Researchers and oncologists are continually challenged by breast cancer that recurs or spreads, despite advances in cancer detection and therapy.
The American Cancer Society projects that 44,130 Americans will pass away in 2021 from recurrent or metastatic breast cancer. Patients’ ten-year survival rates plummet from 93% to 27% if the cancer returns, and to 7% if it returns and spreads to other regions of the body.
University of Cincinnati and Cincinnati Children’s Hospital Medical Center researchers are investigating the biology of breast cancer recurrence. The team led by Susan Waltz, PhD, of the University of California and Susanne Wells, PhD, of Cincinnati Children’s Hospital Medical Center presented recent results on biomarkers that help predict outcomes and could be targets for novel treatments in the Sept. 6 issue of PLOS ONE.
Both research groups were studying distinct oncogenes, or genes that promote the growth of cancer cells, dubbed Ron and DEK, when the relationship began approximately 15 years ago, according to Waltz.
We demonstrated that both Ron and DEK play a significant role in breast cancer and are independently related with poor overall survival in breast cancer patients. We know that the genes Ron and DEK are crucial for predicting breast cancer recurrence, but there are currently no effective treatments that target DEK.”
Current study centred on the importance of metabolic plasticity, or how the body’s metabolism is always changing, which plays a crucial part in how cancer grows and recurs.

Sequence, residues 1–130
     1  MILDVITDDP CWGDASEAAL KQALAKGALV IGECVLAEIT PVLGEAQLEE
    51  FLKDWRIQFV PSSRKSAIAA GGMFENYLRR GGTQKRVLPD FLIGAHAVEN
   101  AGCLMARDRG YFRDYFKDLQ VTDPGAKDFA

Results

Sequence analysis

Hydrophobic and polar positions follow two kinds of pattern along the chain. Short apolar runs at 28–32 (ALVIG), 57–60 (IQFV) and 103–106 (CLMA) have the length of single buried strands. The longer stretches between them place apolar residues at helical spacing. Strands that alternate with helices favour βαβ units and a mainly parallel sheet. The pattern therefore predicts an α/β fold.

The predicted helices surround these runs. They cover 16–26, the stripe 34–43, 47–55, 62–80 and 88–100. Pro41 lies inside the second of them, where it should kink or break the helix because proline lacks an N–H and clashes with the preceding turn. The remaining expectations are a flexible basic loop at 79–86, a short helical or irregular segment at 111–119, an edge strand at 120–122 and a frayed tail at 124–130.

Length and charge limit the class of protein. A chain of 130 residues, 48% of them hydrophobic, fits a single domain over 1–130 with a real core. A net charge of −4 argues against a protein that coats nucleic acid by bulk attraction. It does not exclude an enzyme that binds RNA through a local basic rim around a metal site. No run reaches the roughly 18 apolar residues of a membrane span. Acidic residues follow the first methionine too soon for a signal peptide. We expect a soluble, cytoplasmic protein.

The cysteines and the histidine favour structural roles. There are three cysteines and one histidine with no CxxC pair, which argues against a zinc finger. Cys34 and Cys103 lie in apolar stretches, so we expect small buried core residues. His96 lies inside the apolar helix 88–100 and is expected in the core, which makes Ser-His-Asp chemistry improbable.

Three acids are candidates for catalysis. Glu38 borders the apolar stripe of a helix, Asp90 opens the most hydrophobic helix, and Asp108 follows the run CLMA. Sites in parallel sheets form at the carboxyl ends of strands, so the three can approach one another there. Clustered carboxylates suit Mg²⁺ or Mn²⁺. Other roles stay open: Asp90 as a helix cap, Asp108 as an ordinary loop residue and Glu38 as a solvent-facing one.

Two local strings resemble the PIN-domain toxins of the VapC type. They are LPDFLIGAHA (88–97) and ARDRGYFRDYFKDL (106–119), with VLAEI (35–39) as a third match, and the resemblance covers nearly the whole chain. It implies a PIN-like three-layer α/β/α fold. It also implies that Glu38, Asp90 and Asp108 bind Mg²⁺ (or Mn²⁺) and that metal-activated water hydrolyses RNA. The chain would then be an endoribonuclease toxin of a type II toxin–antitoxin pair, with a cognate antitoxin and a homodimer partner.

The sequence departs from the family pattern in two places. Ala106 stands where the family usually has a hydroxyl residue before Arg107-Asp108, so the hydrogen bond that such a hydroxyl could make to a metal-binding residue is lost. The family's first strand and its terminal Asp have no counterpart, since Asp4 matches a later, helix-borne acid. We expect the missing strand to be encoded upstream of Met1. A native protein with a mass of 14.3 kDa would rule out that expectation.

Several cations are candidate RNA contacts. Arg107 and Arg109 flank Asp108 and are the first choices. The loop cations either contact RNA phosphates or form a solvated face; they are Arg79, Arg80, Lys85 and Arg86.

The research team discovered that the Ron and DEK genes can regulate specific metabolites, compounds produced or utilised when the body breaks down food, medications, or chemicals, in order to promote the growth and spread of cancer cells.
By analysing the implicated enzymes, the scientists established a metabolic signature that can be used to more accurately predict patient outcomes. In addition to being a useful biomarker, the metabolic signature itself could be an attractive therapeutic target.
For instance, if a high level of a certain enzyme is predictive of favourable outcomes, nutritional supplements or other treatments can be used to stimulate the activity of that enzyme. Alternately, if high levels of a particular metabolite are predictive of poorer results, therapies can lower that metabolite by inhibiting the relevant enzymes in that pathway.
Waltz stated that future research will examine how Ron and DEK influence other molecules, such as lipids or fatty acids, that play a role in metabolism. By characterising even more specific metabolic signatures that correlate with breast cancer patient outcomes, other therapy paths may be discovered.
Waltz and Wells reported that the relationship between their labs has expanded beyond research to include more collaborative talks and training of students and lab personnel.
The researchers were also assisted by the NMR-based Metabolomics Core at Cincinnati Children’s, a facility that enables researchers doing metabolism-related research with cutting-edge technologies.
Waltz and Wells highlighted the contribution of Sara Vicente-Muoz, co-first author on the study and research associate at Cincinnati Children’s in the Metabolomics Core, to the advancement of research.
Journal reference: Vicente-Muñoz, S., et al (2022) A NMR-based metabolomic analysis identifies metabolic pathways dependent on RON-DEK—catenin and a gene signature that stratifies breast cancer patient survival. PLOS ONE. doi.org/10.1371/journal.pone.0274128.
Vicente-Muñoz, S., et al. (2022) NMR-based metabolomic analysis identifies RON-DEK-β-catenin dependent metabolic pathways and a gene signature that stratifies breast cancer patient survival. PLOS ONE. doi.org/10.1371/journal.pone.0274128.